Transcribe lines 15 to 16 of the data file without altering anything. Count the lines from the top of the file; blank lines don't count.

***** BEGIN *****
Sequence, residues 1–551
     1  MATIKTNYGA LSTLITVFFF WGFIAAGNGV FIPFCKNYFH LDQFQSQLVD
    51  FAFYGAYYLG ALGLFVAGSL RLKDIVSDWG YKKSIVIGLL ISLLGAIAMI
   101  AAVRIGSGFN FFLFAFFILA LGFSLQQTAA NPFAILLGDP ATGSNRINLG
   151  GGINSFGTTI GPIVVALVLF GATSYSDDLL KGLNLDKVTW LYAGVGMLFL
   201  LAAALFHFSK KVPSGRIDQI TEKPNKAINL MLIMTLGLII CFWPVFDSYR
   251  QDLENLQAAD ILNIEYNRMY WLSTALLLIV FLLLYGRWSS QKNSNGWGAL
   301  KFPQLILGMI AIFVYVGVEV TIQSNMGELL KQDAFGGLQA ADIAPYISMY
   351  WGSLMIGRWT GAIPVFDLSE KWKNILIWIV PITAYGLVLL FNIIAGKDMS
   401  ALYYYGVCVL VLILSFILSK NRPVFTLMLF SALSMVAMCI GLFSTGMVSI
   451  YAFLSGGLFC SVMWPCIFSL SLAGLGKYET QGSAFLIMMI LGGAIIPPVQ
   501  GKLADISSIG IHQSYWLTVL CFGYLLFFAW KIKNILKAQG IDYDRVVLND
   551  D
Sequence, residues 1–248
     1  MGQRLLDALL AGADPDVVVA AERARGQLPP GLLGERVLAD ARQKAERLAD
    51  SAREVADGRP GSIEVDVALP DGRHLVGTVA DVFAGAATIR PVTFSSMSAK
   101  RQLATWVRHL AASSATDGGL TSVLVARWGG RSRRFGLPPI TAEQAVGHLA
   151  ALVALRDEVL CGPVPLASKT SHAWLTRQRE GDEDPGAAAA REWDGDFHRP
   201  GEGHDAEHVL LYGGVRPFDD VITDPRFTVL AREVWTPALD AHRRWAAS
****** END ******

     1  MGQRLLDALL AGADPDVVVA AERARGQLPP GLLGERVLAD ARQKAERLAD
    51  SAREVADGRP GSIEVDVALP DGRHLVGTVA DVFAGAATIR PVTFSSMSAK